Saturday, February 22, 2020

5Pointz Ruling Upheld (UPDATED)

The Second Circuit has upheld the $6.75 million judgment in favor of the artists in the 5Pointz lawsuit. Eileen Kinsella has the story here. (The artnet headline calls the decision "stunning," but an affirmance of a district court decision is never that stunning. Although this one may have surprised some people.) The decision is here.

The part of the decision getting the most attention -- part of what the Court calls the "crux of the parties' dispute" -- is that temporary works of art are eligible for VARA protection. That seems clearly right. The Court mentions Christo's "The Gates" for example.

I've always been more interested in the damages aspect of the case. The district court found it could not quantify the damages, so the $6.75 million was all statutory damages. The Second Circuit now has ruled that that was appropriate -- that in a case where actual damages could not be established, a nearly $7 million statutory damages award was justified. Now, it may be the facts of this case were so unique and so egregious that it won't have a wider impact -- basically what happened is that early in the litigation the artists got a TRO preventing the demolition of the site, it expired, and, while the district court was considering their application for a preliminary injunction to replace it, the developer had the work painted over, "without any genuine business need" to do so, "simply, as the district court found, an 'act of pure pique and revenge.'" But the idea that significant statutory damages can be awarded in a VARA case even where actual damages can't be proven could be a big deal.

UPDATE: Some reactions. First, Derek Fincham:

"I am always surprised when I encounter art lawyers and academics who are critical of the idea of moral rights. They will often make the argument that artists do not want or need moral rights, and developers like Wolkoff will not allow art anywhere near their buildings ever again. But this elides the reality, these condominium developments have as I understand it been built to take advantage of the newly gentrified neighborhood, and the new ‘luxury’ development will still be called 5 Pointz, and feature aerosol art. The art will happen no matter what, this ruling just gives the artists vindication for the personality of these artists that was bound up and integral in these images. Developers like Wolkoff claim that these moral rights damage their property rights; but a moral right is not an economic right. Instead it accounts for the psychological suffering which takes place when an artist’s art has been harmed in some way."

And Sergio Muñoz Sarmiento:

"Big news? I think so. And I think developers, in fact, any commissioning party commissioning an art work by an artist should be processing right about now."

Saturday, February 01, 2020

Gagosian-Tananbaum Suit Settled

This is the one with the ouroboros, and where the Judge had said: "Next year, Mr. Tananbaum will go buy more art from Mr. Gagosian. I’m the only one getting agita." Which, based on the joint statement issued by Gagosian and Koons ("Mr. Tananbaum is a passionate collector, and we look forward to our continuing relationship"), appears to be correct (though I can't speak to anybody's agita levels but my own). Story here.

Sunday, January 12, 2020

Shed employees move to unionize

Story here. More here: "Over the past year, a wave of employees at museums across America have pushed to unionize. Much of the action has been centered on New York, with workers at the New Museum, the Guggenheim Museum, the Brooklyn Academy of Music, and elsewhere having successfully formed unions, though the movement has also begun reaching other cities. Employees at the Frye Art Museum in Seattle unionized, and the Museum of Contemporary Art Los Angeles voluntarily recognized its workers’ efforts to form a union."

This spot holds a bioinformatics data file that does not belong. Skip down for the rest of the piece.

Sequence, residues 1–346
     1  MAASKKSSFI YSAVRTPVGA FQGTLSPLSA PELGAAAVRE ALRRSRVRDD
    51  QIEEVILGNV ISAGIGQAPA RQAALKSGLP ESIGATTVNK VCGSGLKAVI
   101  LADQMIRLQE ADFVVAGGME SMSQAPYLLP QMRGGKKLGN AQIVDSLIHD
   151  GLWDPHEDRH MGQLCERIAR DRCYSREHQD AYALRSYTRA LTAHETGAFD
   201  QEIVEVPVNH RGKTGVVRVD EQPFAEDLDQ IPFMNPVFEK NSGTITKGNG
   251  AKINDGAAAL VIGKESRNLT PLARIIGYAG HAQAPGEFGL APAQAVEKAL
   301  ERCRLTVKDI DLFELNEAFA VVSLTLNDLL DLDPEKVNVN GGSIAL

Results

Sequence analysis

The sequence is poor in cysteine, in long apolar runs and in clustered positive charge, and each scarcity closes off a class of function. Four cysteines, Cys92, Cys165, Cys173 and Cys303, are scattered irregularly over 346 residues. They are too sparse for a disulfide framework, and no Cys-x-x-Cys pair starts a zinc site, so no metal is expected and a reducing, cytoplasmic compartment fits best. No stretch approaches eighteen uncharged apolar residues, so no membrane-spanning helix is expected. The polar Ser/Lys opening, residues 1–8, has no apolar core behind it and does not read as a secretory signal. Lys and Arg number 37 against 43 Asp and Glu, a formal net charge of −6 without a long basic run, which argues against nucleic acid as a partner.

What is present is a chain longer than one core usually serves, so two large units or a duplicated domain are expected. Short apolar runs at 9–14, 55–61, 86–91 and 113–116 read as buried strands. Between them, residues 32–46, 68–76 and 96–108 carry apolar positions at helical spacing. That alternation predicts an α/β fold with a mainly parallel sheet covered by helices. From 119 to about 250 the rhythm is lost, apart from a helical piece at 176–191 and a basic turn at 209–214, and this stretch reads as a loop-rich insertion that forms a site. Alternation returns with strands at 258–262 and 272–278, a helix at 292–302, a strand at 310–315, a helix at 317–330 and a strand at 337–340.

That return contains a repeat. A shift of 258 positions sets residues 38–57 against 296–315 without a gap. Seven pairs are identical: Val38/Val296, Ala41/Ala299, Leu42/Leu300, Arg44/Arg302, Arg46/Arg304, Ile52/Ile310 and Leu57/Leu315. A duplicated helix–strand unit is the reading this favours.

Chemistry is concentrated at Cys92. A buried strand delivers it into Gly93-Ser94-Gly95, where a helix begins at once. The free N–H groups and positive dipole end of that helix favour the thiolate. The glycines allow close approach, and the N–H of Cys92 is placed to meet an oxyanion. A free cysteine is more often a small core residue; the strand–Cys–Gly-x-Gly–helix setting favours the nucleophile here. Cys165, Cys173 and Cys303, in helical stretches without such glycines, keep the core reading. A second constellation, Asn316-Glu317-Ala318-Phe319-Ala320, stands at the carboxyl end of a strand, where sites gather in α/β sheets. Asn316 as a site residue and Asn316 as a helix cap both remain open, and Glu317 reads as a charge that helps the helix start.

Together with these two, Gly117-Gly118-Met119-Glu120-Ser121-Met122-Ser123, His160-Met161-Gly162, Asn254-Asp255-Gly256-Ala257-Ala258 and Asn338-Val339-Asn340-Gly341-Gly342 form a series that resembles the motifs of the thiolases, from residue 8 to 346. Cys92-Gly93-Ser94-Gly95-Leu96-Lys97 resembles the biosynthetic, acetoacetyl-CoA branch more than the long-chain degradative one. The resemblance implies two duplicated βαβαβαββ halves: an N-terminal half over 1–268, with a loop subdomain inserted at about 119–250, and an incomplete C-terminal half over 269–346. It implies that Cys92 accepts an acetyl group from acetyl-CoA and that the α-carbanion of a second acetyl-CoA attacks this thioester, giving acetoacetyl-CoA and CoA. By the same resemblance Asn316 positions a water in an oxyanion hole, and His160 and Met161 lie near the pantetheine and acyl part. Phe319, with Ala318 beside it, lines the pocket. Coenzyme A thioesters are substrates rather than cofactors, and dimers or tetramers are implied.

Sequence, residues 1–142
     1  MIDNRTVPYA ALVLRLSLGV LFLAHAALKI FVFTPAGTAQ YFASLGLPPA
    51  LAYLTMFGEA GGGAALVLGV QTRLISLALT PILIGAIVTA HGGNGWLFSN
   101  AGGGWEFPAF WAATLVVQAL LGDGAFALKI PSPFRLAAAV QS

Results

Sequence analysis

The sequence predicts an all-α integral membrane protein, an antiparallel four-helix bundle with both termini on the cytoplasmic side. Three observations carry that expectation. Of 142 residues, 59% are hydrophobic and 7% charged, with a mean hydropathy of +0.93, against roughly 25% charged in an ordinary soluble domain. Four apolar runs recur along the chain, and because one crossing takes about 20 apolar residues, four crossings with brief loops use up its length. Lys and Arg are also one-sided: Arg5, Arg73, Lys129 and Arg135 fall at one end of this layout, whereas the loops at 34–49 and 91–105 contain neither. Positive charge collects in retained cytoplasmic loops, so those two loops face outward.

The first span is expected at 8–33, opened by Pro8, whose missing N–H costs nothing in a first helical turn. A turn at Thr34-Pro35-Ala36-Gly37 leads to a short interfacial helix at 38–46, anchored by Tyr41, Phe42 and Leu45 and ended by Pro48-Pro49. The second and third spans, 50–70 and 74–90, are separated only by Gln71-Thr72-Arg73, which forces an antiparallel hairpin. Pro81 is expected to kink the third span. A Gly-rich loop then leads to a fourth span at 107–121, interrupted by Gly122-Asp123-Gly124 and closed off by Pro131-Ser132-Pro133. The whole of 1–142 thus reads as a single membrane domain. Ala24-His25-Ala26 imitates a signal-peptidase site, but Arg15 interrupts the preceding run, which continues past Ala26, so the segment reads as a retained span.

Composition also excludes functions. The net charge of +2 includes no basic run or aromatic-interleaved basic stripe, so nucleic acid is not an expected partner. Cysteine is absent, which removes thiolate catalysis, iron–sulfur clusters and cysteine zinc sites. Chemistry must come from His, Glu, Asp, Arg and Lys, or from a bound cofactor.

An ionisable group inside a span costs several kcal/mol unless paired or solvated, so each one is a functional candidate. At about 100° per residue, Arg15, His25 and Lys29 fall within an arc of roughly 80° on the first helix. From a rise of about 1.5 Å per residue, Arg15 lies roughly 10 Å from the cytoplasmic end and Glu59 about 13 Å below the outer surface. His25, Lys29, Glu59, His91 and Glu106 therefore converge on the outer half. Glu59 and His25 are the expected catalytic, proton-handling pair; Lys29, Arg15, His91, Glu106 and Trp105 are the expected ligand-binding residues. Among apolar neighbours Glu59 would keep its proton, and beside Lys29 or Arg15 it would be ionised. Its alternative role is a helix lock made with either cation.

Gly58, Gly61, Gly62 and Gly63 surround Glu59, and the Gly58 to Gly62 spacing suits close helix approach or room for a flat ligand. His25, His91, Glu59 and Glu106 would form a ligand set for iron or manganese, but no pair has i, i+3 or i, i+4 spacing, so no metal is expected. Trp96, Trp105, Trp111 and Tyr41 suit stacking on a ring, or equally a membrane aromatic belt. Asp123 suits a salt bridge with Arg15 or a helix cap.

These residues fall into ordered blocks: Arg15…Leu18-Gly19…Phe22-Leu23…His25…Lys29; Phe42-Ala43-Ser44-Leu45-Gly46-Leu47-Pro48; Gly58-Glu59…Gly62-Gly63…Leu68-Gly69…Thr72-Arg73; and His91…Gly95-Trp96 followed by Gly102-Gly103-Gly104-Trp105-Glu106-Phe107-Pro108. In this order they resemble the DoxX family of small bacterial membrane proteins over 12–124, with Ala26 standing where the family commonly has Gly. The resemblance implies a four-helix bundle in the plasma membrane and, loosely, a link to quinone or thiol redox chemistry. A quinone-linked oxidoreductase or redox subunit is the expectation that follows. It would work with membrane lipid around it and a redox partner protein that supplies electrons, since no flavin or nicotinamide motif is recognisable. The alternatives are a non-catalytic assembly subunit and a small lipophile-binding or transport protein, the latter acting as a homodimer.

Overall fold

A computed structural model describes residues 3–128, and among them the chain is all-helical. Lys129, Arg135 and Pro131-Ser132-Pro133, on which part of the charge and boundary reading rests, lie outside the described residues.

"Under the rules, they have to register with the government’s tax agency, and dealers and auctioneers must establish the identity of the 'ultimate beneficial owner' — meaning both seller and buyer — before entering into a transaction."

New anti-money laundering regulations in the UK. They went into effect Friday. NYT story here. Kenneth Mullens of Withers here. More here.

Thursday, December 26, 2019

"Marciano Foundation Worker Files Suit Claiming Mass Layoffs Were Illegal"

New York Times story here. Background here.

"Court Orders Art Dealer Asher Edelman’s Company to Pay $1 Million in the Botched Sale of a Keith Haring Painting"

Story here. Decision (on summary judgment) here. After receiving an invoice, Edelman wrote to the seller, "As thirty days from your invoice will pass tomorrow, I need to cancel the transaction because of non-payment to me," but the Court points out in its decision that that's not a thing: "While Edelman's notice of cancelation hints at some legal right to do so … Edelman testified at his deposition that he understood 'there's no specific law' authorizing his cancelation. Rather, it was Edelman's understanding that '[t]radition in the industry' permitted such cancelations."

Inigo Update

Athena Art Finance has joined the fray:  A Prominent Art-Finance Company Says Embattled Dealer Inigo Philbrick Owes It $15 Million for a Loan He Never Paid Back.

Background here. "Philbrick’s whereabouts are currently unknown and his two former gallery spaces, in Miami and London, have been shuttered. His Miami attorney recently filed a motion to withdraw as counsel, writing that the dealer has 'failed to fulfill his obligations.' The UK High Court has granted requests from three separate plaintiffs to freeze Philbrick’s assets."

"UMB Bank has lost Thomas Hart Benton art, mismanaged the artist’s trusts, lawsuit says"

Story here.